Billionaires have established wealth and may at times oversimplify the steps it takes for small businesses to find success, but this invaluable advice from one of the world's top hedge fund founders can help personal and community entrepreneurial growth.
Ray Dalio, investor and co-chairman of investment management firm Bridgewater Associates, joined "Good Morning America" Wednesday to discuss microloans for small businesses and to offer his advice for entrepreneurs to get off the ground, grow and create success.
Dalio's top 3 tips for entrepreneurs
Be flexible and imaginative
"When you're in a business, it's not like going to a regular job in which you get a paycheck and do the same thing all the time," Dalio said. "You have to be flexible and imaginative."
Make your passion and your work the same thing
Find what you're really into in order to create a rewarding job for yourself.
Be practical and adaptable about money
"You can't forget about the money part," he advised. "Think about it, when COVID comes along and you have to really readapt, you do that. And that's what brings you success -- you gotta love the ride and be adaptable."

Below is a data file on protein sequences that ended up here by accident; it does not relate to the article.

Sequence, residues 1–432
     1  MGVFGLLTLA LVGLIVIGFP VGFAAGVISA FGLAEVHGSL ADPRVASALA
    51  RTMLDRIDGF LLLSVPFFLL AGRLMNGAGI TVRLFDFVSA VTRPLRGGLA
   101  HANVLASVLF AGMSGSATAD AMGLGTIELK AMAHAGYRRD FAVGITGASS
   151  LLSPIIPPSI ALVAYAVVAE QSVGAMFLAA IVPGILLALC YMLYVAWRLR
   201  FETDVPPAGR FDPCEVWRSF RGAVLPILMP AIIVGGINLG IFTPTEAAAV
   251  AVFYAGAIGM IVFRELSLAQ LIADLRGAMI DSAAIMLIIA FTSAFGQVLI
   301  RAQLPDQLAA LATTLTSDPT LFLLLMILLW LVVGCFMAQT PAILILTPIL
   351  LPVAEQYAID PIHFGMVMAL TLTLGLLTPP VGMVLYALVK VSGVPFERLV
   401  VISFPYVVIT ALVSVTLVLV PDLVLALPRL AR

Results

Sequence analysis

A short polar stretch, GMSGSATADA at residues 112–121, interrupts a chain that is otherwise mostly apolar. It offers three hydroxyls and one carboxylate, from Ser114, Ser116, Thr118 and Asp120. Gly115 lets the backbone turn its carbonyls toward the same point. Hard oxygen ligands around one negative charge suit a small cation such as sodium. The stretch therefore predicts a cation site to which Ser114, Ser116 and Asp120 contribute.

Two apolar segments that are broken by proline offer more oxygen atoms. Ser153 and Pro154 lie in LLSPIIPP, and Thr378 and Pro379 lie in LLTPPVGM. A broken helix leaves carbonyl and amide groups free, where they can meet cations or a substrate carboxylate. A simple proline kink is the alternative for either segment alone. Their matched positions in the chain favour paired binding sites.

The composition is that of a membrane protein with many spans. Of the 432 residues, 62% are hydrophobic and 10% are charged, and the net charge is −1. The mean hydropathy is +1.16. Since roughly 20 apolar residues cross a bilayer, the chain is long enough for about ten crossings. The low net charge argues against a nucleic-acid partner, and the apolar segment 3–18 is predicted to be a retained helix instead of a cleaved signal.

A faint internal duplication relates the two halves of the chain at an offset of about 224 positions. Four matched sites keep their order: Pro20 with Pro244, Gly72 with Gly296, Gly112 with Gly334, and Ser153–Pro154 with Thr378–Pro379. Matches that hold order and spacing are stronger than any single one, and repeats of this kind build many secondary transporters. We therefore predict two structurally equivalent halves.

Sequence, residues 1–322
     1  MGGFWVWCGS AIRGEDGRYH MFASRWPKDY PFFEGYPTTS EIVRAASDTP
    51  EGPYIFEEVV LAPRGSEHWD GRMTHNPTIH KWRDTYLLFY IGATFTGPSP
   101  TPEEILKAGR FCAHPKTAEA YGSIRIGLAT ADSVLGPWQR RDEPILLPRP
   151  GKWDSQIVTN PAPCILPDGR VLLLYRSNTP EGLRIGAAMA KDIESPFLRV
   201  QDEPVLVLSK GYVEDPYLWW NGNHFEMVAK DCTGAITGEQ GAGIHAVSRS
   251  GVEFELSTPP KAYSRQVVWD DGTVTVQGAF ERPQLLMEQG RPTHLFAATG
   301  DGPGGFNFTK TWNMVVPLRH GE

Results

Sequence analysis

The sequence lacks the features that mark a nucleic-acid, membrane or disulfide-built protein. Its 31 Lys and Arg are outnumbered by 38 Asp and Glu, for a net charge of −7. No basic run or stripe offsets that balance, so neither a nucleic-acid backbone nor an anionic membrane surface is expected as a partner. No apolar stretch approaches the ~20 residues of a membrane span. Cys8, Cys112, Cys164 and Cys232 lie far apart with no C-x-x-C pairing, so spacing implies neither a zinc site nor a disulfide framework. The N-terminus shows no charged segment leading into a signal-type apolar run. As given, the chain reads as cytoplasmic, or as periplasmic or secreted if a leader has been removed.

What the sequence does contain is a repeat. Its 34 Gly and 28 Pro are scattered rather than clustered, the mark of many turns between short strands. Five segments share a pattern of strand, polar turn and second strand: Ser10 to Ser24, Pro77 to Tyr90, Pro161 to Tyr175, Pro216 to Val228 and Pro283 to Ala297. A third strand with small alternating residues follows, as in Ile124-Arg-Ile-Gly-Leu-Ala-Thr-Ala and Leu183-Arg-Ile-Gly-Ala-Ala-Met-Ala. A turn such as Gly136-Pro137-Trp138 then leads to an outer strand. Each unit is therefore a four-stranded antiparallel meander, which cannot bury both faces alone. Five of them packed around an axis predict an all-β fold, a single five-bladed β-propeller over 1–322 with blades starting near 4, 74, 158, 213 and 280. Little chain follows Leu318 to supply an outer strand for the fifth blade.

Dalio is also on the board of Grameen America, a nonprofit microfinance organization that has helped build a continually growing community of small investors who identify intelligent new entrepreneurs, approve smaller loans to new business owners and build even more opportunities.
"It's an average of a $4,500 loan that makes miracles happen," he said. Grameen America has "lent $2 billion on an average of about $4,700 [per recipient]," which he said "brings entrepreneurship and wonderful things to the community."
A microloan "pays back and it grows and [has a] 99% repayment rate. That's better than all the rich folks who are going to banks. They're not as reliable," Dalio said. "Think about this, for every dollar somebody donates to this, it lands -- it keeps going around and around and lends $12 over the next 10 years, and it keeps going. So it pays for it several."
"If you're interested in being one of these entrepreneurs with that little bit of help, go for it because it makes the world a better place," Dalio said. "It's more the American dream really."